In the wake of the report, the Giants announced that Neukom would “retire from his position effective Dec. 31,” with Larry Baer taking over CEO duties.

Baseball sources said Neukom’s falling out with the executive committee stemmed from how to divvy up the additional millions of dollars that flowed into team coffers after the World Series championship.

6. the Warriors rebuild with splashy names

Though NBA action was disrupted by a labor dispute, Warriors ownership still managed to treat 2011 like one long fast break. new managing partners Joe Lacob and Peter Guber restructured the basketball operations staff, replaced an entire coaching staff and made several changes at the executive level on the business side.

Needing help, ownership also added two men with a combined 16,000 assists. they hired Jerry West, the Hall of Famer and respected front-office architect, in may and added former All-Star guard mark Jackson as their coach weeks later.

“I fully expect, put it in bold letters, the Golden State Warriors to be a playoff team next year,” Jackson said. “If I did not expect that, I would not have taken the job. … we are looking to turn the Bay Area upside down.”

7. the saga of Bryan Stow

In a horrific chapter to a storied sports rivalry, Giants fan Bryan Stow was punched in the head, kicked and slammed to the ground outside Dodger Stadium in March.

“It brings tears to my eyes,” longtime Dodgers manager Tommy Lasorda said, reacting to the news. “This is not what baseball is all about.”

Stow, a paramedic and father of two young children, spent months in a medically induced coma and only recently became able to hold a simple conversation. He is fed by a tube and needs round-the-clock care. Stow, 43, is expected to be permanently disabled.

The Stow family chronicles Bryan’s recovery on their blog (

8. Cal sports make a comeback

Giving new meaning to the term elimination games, the Cal baseball team rallied back from an incredible deficit — as in $10 million.

The Bears athletic department had announced in the fall of 2010 that it was cutting four sports and reclassifying men’s rugby as a varsity club sport as a drastic move to bridge a budget shortfall.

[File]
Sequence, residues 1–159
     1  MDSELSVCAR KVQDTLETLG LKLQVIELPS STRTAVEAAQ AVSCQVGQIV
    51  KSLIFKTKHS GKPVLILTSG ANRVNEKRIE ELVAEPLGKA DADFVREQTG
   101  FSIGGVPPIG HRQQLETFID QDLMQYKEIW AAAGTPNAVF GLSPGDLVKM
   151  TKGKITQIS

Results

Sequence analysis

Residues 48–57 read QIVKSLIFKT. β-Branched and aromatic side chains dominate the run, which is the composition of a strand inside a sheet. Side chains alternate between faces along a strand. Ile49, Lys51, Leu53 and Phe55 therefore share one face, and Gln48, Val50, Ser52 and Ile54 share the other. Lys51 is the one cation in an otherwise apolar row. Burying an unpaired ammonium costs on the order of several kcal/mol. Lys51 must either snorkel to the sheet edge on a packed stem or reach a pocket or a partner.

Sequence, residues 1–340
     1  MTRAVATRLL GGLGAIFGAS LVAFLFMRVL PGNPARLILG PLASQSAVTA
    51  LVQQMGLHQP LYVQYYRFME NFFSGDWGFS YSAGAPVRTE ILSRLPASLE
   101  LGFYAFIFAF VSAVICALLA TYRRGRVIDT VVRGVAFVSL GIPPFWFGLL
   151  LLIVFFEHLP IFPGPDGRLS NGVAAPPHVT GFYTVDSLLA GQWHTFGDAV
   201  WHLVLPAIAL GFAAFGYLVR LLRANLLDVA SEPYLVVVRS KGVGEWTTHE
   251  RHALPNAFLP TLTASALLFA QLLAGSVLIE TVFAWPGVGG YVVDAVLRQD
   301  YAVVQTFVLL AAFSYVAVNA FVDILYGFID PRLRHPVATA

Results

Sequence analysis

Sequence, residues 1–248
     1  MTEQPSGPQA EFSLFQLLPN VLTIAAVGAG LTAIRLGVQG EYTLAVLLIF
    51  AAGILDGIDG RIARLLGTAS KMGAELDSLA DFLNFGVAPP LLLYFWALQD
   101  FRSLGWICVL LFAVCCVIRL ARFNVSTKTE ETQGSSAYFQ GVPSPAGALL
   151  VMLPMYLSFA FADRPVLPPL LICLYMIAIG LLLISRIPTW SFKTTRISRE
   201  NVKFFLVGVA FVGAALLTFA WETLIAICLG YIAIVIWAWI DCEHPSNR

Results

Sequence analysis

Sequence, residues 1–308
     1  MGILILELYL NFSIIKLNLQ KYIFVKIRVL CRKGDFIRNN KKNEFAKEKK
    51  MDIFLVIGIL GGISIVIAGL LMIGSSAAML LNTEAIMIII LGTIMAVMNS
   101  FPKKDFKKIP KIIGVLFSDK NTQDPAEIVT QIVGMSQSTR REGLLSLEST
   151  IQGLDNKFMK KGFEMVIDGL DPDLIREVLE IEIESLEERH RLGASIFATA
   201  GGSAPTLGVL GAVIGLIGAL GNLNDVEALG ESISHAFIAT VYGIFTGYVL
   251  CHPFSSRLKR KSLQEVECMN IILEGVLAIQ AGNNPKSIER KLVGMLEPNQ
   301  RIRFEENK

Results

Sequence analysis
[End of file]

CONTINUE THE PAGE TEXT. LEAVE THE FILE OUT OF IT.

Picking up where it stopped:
But the endangered Bears rallied. Chancellor Robert J. Birgeneau announced in February that enough money had been raised to keep rugby, women’s lacrosse, women’s gymnastics and men’s gymnastics.

The comeback was complete April 8, when Cal announced that baseball would be saved thanks to the former players and alumni who generated $9 million in financial commitments.

Instead of going extinct, the Bears rolled all the way to the College World Series. “A wild ride,” coach David Esquer called it.

9. Sharks bounced short of the Cup

Even for fans accustomed to coming up short, this one was tough to take. A freakish bounce off a stanchion finished the Sharks’ title hopes may 24, when Vancouver’s Kevin Bieksa scored a strange and fortuitous goal during the second overtime of Game 5 of the Western Conference finals.

As Bieksa screamed in delight, almost everybody else was still looking for the puck.

“It came right to Bieksa. one more bounce he probably whiffs on it, we’re still playing. Nothing we can do about it,” Sharks coach Todd McLellan said after the game.

10. Stanford women win first soccer title

With one last spectacular goal, the seniors on the Stanford women’s team secured the status as one of the greatest classes in college soccer history.

The Cardinal beat Duke 1-0 in the College Cup final Dec. 4, capping a 95-4-4 record for a senior class and easing the pain from losses in the previous two national title games.

Camille Levin delivered a cross to Teresa Noyola for a point-blank header in the 53rd minute.

“I’ve never seen a team work so hard for each other and want to win for each other,” Levin said. “I’ve never played on a team like that in my life.”

Also receiving consideration: “Moneyball” movie fares better than current A’s; Kelly Slater wins 11th surf title at Ocean Beach; Barry Bonds sentenced to 30 days’ house arrest, pending appeal; Chris Mullin and Tara VanDerveer inducted into Basketball Hall of Fame; Stanford women’s basketball team makes fourth consecutive Final Four; Tiger Woods helps lure record crowds to Open; America’s Cup awarded to San Francisco for 2013.

Contact Daniel Brown at